University officials put together May 1 a 21-member task force “to review and enhance its policies and procedures for handling student-on-student complaints of harassment, sexual misconduct or discrimination.”
The task force has been given a unique opportunity for reform, and with that comes a serious responsibility. Its members have an obligation to take the lead in calling for an overhaul in the way UNC handles complaints of sexual assault.
Their deliberations should be public. They should consider not just tweaks and minor modifications to University policy but comprehensive change.
With their influence, they could initiate a shift in policy to treat rape as the violent crime it is — not as something to be tried and adjudicated only in an academic setting.
Current policies allow victims to pursue legal action in the criminal justice system at the same time as the academic system, but they are treated as distinct and separate processes. Universities should encourage students to involve themselves in both processes — not substitute their own gentle, academic justice for the real thing.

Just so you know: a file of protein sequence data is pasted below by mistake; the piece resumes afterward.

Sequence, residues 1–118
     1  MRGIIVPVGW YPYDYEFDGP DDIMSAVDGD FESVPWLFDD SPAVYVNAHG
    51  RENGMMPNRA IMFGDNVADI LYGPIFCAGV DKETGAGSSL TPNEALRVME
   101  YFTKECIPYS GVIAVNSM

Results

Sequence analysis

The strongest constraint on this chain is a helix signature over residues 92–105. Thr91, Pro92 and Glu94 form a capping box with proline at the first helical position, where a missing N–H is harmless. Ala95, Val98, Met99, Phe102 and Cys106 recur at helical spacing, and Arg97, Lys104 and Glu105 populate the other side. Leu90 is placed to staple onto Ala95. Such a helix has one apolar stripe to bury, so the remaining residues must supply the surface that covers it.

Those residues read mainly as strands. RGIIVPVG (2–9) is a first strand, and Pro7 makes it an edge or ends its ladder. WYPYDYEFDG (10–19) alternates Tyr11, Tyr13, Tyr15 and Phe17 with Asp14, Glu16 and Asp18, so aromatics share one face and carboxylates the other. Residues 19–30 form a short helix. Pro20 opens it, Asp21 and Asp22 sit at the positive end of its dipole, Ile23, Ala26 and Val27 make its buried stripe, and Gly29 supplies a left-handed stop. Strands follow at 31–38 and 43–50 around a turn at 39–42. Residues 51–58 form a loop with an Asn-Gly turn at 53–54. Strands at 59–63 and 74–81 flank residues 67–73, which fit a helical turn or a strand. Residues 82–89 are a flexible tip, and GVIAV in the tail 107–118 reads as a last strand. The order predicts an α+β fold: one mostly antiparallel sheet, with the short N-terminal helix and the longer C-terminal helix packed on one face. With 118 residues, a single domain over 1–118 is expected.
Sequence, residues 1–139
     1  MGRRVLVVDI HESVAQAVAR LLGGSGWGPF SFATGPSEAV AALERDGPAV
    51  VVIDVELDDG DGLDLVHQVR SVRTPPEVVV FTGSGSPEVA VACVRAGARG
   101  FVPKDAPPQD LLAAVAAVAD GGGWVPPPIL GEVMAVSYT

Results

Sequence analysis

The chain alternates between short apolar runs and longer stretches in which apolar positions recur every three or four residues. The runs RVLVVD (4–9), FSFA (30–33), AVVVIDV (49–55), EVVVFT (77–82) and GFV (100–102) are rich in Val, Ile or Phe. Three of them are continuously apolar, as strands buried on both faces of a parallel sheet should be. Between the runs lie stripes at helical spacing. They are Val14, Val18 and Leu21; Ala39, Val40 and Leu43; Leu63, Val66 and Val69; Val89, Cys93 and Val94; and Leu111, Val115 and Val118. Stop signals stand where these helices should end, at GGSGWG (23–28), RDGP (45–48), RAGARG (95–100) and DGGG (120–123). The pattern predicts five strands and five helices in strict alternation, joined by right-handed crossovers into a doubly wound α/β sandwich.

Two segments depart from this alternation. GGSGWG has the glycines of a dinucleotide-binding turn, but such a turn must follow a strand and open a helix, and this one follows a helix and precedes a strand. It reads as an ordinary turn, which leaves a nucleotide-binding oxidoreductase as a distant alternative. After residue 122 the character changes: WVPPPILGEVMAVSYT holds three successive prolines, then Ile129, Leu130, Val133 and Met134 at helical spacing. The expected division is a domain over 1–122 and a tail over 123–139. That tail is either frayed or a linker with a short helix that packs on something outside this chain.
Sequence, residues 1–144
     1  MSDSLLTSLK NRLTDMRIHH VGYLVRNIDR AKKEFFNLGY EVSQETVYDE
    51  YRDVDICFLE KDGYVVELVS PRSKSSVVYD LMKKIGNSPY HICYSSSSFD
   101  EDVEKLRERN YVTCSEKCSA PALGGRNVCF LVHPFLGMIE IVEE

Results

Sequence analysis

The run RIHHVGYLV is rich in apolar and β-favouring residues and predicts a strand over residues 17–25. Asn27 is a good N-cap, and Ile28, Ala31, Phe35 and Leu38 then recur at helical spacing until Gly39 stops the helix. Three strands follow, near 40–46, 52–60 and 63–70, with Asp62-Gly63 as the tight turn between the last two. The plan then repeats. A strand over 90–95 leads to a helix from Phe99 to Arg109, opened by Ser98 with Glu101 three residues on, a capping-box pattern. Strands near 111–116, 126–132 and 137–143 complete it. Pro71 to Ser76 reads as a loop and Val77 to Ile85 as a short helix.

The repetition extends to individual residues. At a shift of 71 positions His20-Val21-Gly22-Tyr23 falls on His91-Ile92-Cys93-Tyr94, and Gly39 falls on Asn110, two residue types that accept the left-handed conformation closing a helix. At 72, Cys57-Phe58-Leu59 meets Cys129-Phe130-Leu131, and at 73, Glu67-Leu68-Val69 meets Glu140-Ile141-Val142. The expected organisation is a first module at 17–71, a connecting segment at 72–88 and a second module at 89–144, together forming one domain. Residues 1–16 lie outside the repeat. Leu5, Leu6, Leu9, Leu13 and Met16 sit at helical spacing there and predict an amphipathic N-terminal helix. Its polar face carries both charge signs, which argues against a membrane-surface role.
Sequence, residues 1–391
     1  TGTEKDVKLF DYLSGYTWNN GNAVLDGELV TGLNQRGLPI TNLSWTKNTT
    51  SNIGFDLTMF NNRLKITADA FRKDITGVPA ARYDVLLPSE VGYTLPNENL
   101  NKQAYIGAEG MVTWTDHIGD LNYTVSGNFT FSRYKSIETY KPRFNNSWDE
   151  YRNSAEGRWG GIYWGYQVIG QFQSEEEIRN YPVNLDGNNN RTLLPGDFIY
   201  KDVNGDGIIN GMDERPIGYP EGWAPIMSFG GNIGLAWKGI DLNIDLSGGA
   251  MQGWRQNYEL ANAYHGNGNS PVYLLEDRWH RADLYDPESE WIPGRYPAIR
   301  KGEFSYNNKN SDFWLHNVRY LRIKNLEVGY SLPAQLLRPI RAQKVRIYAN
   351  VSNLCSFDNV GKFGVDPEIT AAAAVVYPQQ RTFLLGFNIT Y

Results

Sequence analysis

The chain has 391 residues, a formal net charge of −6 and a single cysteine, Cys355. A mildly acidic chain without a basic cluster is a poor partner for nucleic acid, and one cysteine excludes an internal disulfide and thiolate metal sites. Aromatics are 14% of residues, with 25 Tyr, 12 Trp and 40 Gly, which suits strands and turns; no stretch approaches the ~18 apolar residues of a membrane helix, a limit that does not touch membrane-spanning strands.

The task force’s opportunity is unique in that it is not constrained by politics. Its membership includes a wide range of voices and perspectives — including faculty, community members, students, administrators and even law enforcement officials — and many members have experience working directly with sexual assault issues.
Their independence and expertise give them authority, and they should use that to its maximum potential.
While issues will be inevitably contentious and complex, some should require very little debate. The force is joining an ongoing discussion — not starting from scratch. There is no reason to wait long to make official recommendations about issues like increased education on sexual assault.
Even the most thoughtful and intense debate about the complexity of these issues does nothing to create change without an active, public element.